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Caprica: It’s a frakin’ ‘Battlestar Galactica’ spin-off!

July 4, 2009

Caprica_daughter-thumbI finally got around to watching the two hour pilot to the Battlestar Galactica spin-off, entitled Caprica.  SciFi/ SyFy did not air the pilot, but instead it was released on dvd.  Look forward to the actual series sometime in 2010–I will report once I find out further details.  Here’s a link to the official site if you haven’t heard anything about the project yet. For the rest of you, read on for a spoilery recap/ review:

In the commentary for the pilot, Ron Moore and David Eick claim that Caprica is a “lighter” show than BSG, and more of a “family drama.” Well, it starts off with a dysfunctional family, featuring a rebellious teenager. Typical family drama. The show then transitions to a suicide train bombing that tears apart our two main families, and then continues to portray the darkness and insanity of grief, mixed with the creation of the proto-cylons destined to destroy humanity. So yeah, I guess that’s a “light” family drama … if you balance it against the black hole of tragedy that was Battlestar Galactica. Ah, relativity. The show begins “58 years before the fall,” that is 58 years before the genocide of the BSG miniseries. Yay, this show explains how we get there. Boo, there is no Starbuck, and no one even remotely as awesome as her. I can’t say that I really like any of the characters yet, but hopefully that will change. So far, my favorite character is Atia. Sorry, that’s not her character’s actual name–she’s Sister Clarice, played by the glorious Polly Walker, who portrayed Octavian’s horrible mother in Rome (think of a classier & British version of Julie Cooper). Sister Clarice is sort of a villain, but in an awesome and creepy way. Rather than give a run-down of all the characters at this point, however, I will move into the recap, and explain the key players as I move along.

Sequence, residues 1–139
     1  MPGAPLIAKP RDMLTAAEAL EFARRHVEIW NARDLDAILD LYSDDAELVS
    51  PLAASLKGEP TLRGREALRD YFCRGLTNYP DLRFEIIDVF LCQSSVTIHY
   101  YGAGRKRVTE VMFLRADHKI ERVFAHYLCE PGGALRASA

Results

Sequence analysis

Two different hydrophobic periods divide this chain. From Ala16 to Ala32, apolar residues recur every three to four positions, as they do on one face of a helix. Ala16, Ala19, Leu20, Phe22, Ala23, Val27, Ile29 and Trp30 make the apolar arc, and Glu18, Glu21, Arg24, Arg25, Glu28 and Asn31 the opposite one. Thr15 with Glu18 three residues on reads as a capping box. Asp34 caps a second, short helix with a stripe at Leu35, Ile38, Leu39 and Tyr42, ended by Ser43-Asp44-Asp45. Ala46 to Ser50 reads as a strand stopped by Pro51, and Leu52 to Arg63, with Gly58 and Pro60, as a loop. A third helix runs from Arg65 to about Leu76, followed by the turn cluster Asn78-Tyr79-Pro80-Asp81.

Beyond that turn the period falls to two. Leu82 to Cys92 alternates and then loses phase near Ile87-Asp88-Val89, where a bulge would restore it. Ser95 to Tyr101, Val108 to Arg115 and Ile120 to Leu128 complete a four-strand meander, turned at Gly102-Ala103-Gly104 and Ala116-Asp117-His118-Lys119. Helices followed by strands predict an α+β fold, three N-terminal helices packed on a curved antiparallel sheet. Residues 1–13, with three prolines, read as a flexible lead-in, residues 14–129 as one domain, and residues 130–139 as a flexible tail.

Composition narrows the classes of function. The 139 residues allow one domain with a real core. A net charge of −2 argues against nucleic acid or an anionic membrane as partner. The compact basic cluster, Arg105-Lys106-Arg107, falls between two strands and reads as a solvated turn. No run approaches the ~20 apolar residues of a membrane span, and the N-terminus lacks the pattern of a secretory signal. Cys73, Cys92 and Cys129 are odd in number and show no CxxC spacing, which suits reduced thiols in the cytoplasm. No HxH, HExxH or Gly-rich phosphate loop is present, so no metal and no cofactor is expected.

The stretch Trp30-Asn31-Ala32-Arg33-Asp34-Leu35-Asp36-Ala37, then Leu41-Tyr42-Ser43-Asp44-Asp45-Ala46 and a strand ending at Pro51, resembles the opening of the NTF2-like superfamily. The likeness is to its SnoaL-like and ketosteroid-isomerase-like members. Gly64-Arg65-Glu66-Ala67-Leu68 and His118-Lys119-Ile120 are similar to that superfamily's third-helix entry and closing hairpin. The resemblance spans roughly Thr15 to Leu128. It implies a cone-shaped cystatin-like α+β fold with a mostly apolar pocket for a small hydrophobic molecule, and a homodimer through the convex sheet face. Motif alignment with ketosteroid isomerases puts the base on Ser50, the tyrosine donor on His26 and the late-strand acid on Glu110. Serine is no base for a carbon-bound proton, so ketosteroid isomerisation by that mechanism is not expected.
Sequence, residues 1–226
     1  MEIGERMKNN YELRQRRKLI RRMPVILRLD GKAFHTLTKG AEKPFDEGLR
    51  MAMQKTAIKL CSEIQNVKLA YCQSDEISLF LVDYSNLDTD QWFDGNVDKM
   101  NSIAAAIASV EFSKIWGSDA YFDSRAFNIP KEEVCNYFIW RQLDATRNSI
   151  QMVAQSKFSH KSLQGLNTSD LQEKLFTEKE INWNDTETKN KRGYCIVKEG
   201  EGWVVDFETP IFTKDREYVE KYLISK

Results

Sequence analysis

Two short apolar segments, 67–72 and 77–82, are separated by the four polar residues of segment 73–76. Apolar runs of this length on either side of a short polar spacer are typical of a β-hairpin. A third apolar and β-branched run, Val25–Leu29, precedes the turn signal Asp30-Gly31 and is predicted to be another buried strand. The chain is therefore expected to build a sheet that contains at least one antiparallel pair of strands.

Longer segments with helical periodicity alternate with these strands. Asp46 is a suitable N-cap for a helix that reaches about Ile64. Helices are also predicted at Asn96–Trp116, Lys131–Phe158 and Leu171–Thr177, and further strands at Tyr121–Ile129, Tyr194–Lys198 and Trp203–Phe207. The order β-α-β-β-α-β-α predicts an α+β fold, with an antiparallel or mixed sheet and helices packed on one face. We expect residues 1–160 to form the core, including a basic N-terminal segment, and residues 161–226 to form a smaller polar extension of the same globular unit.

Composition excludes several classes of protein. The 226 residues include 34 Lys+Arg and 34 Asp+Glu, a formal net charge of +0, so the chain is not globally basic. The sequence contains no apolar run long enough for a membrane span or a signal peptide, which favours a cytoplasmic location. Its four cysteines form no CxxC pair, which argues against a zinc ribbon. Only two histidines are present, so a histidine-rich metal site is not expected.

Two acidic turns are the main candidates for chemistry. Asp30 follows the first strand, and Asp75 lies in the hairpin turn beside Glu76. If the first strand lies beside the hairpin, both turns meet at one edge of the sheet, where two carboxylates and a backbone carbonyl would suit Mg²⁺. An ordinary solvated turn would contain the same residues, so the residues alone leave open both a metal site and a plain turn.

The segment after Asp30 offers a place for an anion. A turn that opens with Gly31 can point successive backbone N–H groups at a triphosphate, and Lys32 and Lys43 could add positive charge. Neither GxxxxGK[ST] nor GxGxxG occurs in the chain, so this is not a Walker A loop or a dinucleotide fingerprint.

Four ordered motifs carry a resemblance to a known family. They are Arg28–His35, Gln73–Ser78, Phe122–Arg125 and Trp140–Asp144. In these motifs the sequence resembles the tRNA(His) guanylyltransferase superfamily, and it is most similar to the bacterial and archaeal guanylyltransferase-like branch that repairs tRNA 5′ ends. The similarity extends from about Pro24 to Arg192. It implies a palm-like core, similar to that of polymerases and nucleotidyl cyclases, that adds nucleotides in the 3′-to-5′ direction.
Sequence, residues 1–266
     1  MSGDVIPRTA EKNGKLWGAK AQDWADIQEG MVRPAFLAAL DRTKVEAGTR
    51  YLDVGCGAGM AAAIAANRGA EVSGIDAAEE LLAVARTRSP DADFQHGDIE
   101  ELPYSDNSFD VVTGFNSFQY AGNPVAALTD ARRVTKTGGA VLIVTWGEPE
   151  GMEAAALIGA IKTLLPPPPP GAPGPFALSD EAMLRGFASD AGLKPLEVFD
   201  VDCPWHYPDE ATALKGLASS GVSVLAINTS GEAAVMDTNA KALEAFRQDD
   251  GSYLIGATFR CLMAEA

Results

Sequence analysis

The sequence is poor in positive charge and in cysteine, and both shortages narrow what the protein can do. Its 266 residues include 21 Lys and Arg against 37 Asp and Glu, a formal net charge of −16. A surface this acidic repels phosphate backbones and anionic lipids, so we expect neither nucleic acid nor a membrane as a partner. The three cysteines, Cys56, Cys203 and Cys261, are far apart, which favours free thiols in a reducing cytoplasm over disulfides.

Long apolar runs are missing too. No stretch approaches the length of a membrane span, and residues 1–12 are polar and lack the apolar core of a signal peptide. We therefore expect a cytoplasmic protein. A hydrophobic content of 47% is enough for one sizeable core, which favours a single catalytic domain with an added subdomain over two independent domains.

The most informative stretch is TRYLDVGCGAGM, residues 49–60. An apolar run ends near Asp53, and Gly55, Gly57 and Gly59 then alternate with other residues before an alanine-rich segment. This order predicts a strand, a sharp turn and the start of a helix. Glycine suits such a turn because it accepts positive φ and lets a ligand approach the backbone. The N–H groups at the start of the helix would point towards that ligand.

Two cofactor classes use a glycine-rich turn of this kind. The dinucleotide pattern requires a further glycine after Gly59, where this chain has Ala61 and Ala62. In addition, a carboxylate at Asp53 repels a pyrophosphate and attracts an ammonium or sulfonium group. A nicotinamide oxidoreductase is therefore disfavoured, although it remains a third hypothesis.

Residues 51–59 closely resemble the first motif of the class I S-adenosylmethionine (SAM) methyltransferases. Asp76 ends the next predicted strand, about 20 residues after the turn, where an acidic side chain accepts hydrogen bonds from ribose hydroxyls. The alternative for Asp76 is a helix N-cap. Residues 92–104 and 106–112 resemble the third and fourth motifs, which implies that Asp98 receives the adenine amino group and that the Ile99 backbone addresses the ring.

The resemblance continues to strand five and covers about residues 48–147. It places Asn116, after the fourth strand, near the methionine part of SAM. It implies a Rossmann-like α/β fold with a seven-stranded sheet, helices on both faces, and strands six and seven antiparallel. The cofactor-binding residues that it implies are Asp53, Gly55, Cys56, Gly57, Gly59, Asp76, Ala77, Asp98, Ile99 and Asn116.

The episode begins at a rave. It’s a crazy paart-ay. Teenagers are doing all sorts of naughty things. Turns out that it’s not actually happening in the real world, but rather these kids are using the latest technology, holo-bands (that’s how I’m going to spell it, but so not sure), to live out their secret fantasies without consequences.  Sort of like the Dollhouse!  But without the whole slavery aspect. There are three teenagers who are the main characters here. One is a brunette named Zoe, her blondish best-friend Lacey, and Zoe’s boyfriend Ben. They disapprove of their class-mates’ antics. As the episode goes on, we see that they are involved in some sort of crazy monotheistic cult, represented by the infinity symbol, and run by fanatics. (Sidenote: Unfortunately Ronald D. Moore decided to prove these crazy fanatics RIGHT with his insane religious BSG series finale. Ugh.) Anyways, Zoe has made an avatar of herself that is a perfect copy. I will call her Cylon Zoe, although technically she’s not a cylon. The cylons are ultimately her fault though, so whatever.